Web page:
Bankrate: Mortgage Rates Hit a 2-Year High
NEW YORK, July 11, 2013 /PRNewswire/ -- Mortgage rates rebounded following a better-than-expected jobs report, with the benchmark 30-year fixed mortgage rate rising to 4.66 percent, according to Bankrate.com's weekly national survey. The average 30-year fixed mortgage has an average of 0.28 discount and origination points.
To see mortgage rates in your area, go to http://www.bankrate.com/funnel/mortgages/.
The average 15-year fixed mortgage increased to 3.75 percent, while the larger jumbo 30-year fixed mortgage rate climbed to 4.82 percent. Adjustable rate mortgages moved higher also. The popular 5-year adjustable rate jumped to 3.63 percent, the highest in more than two years, while the 10-year adjustable hit 4.07 percent.
This week's jump in mortgage rates, which more than wiped out last week's retreat, came after the release of the monthly employment report. Job growth for June that exceeded expectations, coupled with upward revisions to April and May payrolls, were evidence of the type of improvement the Fed will need to see to begin curtailing their bond purchases. And for that reason, we saw further increases in both bond yields and mortgage rates, to levels above where they were following Ben Bernanke's late June press conference.
As recently as May 1st, the average 30-year fixed mortgage rate was 3.52 percent. At that time, a $200,000 loan would have carried a monthly payment of $900.32. With the average rate currently at 4.66 percent, the monthly payment for the same size loan would be $1,032.47, a difference of $132 per month for anyone that waited just a little too long.
30-year fixed: 4.66% -- up from 4.48% last week (avg. points: 0.28)
15-year fixed: 3.75% -- up from 3.62% last week (avg. points: 0.26)
5/1 ARM: 3.63% -- up from 3.48% last week (avg. points: 0.33)
Bankrate's national weekly mortgage survey is conducted each Wednesday from data provided by the top 10 banks and thrifts in the top 10 markets.
For a full analysis of this week's move in mortgage rates, go to http://www.bankrate.com/.
The survey is complemented by Bankrate's weekly Rate Trend Index, in which a panel of mortgage experts predicts which way the rates are headed over the next seven days. There is no clear consensus this week, with 42 percent of respondents expecting mortgage rates to remain more or less unchanged. One-third predict that rates will continue to rise, while 25 percent forecast a retreat in mortgage rates over the coming week.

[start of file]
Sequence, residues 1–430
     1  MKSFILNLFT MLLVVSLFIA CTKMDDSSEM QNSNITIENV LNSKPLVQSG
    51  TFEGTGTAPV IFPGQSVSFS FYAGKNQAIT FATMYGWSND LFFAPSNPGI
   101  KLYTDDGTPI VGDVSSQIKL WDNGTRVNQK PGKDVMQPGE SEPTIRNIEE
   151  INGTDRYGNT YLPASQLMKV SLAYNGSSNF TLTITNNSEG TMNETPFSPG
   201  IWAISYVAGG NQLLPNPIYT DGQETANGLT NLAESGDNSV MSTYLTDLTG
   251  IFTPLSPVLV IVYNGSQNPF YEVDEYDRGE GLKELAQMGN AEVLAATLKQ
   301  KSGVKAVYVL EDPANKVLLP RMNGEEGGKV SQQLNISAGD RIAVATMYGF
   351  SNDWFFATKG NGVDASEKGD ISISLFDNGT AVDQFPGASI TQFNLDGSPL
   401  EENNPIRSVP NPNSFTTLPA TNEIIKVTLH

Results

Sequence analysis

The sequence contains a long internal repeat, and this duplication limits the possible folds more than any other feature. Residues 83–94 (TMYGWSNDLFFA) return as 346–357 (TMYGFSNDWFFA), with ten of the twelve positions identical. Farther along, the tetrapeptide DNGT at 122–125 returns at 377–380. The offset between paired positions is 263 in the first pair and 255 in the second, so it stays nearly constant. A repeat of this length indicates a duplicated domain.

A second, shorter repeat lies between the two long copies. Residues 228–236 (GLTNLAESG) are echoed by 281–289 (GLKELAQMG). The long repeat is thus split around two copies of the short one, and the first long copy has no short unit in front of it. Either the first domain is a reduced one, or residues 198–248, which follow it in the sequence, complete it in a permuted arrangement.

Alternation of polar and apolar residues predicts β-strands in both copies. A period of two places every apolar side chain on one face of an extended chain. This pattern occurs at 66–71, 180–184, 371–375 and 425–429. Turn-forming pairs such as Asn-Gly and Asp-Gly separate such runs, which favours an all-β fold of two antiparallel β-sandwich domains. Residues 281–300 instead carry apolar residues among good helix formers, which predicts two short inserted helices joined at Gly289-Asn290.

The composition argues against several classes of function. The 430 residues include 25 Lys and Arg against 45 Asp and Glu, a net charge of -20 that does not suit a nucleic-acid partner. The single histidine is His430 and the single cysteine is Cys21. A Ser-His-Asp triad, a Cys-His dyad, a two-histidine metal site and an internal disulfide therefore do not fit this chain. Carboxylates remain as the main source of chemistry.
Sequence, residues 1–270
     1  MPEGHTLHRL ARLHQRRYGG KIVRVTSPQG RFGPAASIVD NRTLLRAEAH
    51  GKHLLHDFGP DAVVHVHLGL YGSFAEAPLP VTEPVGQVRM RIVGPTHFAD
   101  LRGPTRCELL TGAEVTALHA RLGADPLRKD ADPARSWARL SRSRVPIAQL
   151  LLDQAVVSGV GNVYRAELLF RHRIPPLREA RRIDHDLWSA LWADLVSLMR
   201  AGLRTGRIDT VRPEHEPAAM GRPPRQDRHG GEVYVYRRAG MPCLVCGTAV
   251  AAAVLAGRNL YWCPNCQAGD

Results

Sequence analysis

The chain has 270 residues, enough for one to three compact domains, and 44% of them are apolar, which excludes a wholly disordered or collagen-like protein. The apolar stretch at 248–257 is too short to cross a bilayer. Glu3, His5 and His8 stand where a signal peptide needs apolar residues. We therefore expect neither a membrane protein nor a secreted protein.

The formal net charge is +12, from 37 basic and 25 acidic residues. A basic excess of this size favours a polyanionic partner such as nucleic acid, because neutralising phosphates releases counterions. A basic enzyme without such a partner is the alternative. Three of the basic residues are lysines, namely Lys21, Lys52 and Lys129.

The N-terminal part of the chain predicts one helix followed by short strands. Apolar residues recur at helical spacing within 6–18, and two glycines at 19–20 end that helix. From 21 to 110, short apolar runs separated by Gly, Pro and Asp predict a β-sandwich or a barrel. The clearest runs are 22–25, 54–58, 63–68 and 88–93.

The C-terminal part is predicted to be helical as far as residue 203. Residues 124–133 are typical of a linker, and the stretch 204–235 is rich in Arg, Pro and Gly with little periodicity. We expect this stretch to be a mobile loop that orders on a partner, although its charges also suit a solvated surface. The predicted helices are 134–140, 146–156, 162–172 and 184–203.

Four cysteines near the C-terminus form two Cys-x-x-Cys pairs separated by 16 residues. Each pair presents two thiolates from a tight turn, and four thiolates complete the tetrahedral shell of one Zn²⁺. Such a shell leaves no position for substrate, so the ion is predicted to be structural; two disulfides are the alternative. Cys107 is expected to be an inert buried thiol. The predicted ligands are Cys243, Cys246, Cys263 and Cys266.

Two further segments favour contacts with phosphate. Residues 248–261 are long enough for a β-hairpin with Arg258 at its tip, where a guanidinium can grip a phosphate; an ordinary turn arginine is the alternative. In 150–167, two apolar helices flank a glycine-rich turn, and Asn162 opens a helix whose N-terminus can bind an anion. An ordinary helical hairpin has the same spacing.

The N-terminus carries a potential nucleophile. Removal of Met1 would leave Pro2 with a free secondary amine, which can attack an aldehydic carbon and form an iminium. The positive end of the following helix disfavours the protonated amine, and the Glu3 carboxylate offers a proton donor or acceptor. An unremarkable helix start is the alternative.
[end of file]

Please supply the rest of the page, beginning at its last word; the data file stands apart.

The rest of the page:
For the full mortgage Rate Trend Index, go to http://www.bankrate.com/RTI
To download the Bankrate Mortgage Calculator & Mortgage Rates iPhone App 2.0 go to
About Bankrate, Inc.
Bankrate is a leading publisher, aggregator, and distributor of personal finance content on the Internet. Bankrateprovides consumers with proprietary, fully researched, comprehensive, independent and objective personal finance editorial content across multiple vertical categories including mortgages, deposits, insurance, credit cards, and other categories, such as retirement, automobile loans, and taxes. The Bankrate network includes Bankrate.com, our flagship website, and other owned and operated personal finance websites, including CreditCards.com, Interest.com, Bankaholic.com, Mortgage-calc.com, CreditCardGuide.com, InsuranceQuotes.com, CarInsuranceQuotes.com, InsureMe.com, and NetQuote.com. Bankrate aggregates rate information from over 4,800 institutions on more than 300 financial products. With coverage of nearly 600 local markets in all 50 U.S. states,Bankrate generates over 172,000 distinct rate tables capturing on average over three million pieces of information daily. Bankrate develops and provides web services to over 80 co-branded websites with online partners, including some of the most trusted and frequently visited personal finance sites on the Internet such as Yahoo!, CNN Money, CNBC, and Comcast. In addition, Bankrate licenses editorial content to over 500 newspapers on a daily basis including The Wall Street Journal, USA Today, The New York Times, The Los Angeles Times, and The Boston Globe.
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SOURCE Bankrate, Inc.